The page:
Pruning Camellias: How To Prune A Camellia Plant

Camellia Plant
prune camellia
(Image credit: MIMOHE)

Growing camellias has become a popular gardening pastime. Many gardeners who grow this lovely flower in their garden wonder if they should be pruning camellias and how to do this. Camellia pruning is not essential to good camellia plant care but it can help to stave off some types of disease or to better shape the plant.

Best Time for Camellia Pruning

The best time to prune a camellia plant is right after it has stopped blooming, which will most likely be in May or June depending on the variety. Pruning the plant at other times will not harm the plant, but it may remove some of the blossom buds for the next year.

Pruning Camellias for Disease and Pest Control

Camellia pruning to control disease and pests consists of thinning out some of the inner branches to improve airflow and allow more light to reach deeper into the plant. These two factors can help reduce problems that are common to a camellia plant. Examine the interior of the camellia plant and identify small or weak branches that are not main branches within the plant. Using a sharp, clean pair of pruners, snip off these branches right at the place it meets the main branch.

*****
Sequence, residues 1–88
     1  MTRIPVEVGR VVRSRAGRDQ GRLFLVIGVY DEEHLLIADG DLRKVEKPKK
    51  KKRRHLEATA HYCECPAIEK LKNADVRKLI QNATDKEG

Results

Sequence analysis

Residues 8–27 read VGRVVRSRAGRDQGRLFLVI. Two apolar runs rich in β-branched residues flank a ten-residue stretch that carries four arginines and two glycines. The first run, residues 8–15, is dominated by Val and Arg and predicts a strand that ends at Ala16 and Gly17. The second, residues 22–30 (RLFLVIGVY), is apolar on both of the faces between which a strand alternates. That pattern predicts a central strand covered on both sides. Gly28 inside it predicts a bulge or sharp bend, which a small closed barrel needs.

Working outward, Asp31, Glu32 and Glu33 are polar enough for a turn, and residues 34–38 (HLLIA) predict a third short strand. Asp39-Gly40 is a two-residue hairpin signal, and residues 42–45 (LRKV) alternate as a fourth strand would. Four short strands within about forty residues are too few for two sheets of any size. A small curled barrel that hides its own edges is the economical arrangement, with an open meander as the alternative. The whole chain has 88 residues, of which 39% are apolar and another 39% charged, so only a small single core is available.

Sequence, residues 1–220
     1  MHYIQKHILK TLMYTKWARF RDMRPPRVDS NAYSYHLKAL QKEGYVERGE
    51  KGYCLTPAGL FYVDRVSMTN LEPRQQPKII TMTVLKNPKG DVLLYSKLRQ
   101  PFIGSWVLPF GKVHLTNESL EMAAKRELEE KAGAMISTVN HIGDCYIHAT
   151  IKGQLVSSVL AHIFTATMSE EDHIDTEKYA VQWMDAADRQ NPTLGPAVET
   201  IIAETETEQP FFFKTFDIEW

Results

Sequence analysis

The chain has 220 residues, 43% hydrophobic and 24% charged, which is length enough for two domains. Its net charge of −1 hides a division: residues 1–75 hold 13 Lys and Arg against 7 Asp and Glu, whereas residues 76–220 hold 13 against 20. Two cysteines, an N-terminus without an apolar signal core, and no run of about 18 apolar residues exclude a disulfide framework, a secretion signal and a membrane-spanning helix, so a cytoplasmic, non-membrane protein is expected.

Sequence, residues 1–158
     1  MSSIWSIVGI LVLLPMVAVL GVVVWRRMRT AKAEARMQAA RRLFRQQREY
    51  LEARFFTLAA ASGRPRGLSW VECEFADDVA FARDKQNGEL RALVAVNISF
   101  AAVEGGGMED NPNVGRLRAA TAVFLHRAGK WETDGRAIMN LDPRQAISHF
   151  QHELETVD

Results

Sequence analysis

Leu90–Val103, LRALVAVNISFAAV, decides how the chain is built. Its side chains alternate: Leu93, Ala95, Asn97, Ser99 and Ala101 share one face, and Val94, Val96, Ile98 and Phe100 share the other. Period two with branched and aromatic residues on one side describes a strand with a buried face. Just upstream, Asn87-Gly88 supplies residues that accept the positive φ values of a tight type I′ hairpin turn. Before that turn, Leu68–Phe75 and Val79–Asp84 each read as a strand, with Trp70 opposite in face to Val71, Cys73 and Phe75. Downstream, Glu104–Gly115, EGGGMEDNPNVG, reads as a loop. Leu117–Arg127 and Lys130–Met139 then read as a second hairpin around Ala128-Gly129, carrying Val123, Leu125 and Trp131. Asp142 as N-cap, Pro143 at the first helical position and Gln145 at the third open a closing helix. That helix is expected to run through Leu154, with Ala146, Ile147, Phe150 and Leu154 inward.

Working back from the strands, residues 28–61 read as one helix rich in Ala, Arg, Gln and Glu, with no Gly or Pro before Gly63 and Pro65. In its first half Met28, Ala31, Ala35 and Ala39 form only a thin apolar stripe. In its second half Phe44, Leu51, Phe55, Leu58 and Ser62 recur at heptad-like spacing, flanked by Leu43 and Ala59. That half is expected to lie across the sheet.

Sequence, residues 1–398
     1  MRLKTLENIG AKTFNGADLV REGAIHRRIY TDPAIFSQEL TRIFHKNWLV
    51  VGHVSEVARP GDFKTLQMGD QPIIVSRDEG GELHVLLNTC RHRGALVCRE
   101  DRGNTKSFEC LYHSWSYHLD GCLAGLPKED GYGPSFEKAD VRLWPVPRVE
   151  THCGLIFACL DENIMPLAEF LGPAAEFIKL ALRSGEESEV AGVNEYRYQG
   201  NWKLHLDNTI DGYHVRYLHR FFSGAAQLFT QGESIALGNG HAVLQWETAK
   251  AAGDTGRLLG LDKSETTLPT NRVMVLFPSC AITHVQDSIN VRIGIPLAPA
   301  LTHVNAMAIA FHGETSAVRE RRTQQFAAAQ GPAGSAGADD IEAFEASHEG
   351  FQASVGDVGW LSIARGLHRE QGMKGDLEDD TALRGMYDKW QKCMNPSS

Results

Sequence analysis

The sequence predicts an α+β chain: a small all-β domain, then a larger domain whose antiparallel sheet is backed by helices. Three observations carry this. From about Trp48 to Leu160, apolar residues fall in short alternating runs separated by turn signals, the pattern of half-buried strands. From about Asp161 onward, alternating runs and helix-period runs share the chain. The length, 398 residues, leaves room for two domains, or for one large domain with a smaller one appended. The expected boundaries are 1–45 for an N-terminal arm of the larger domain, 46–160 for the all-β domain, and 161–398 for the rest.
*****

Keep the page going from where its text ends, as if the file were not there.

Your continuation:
Pruning Camellias for Shape

Shaping the plant is an enjoyable aspect of camellia plant care. Shaping the plant will encourage more vigorous, bushy growth and will increase the number of blooms. After the camellia plant has finished blooming, pinch or snip the ends of the branches back to the desired size. If you want your growing camellias to grow larger than they currently are, just prune back an inch (2.5 cm.) or less. If you would like your camellias to stay a certain size, cut them back to a few inches (7.5 to 10 cm.) less than the size you desire. Growing camellias in your garden adds beauty and color. Proper camellia plant care with a little pruning will result in a spectacular plant.

Heather Rhoades
Founder of Gardening Know How

Heather Rhoades founded Gardening Know How in 2007. She holds degrees from Cleveland State University and Northern Kentucky University. She is an avid gardener with a passion for community, and is a recipient of the Master Gardeners of Ohio Lifetime Achievement Award.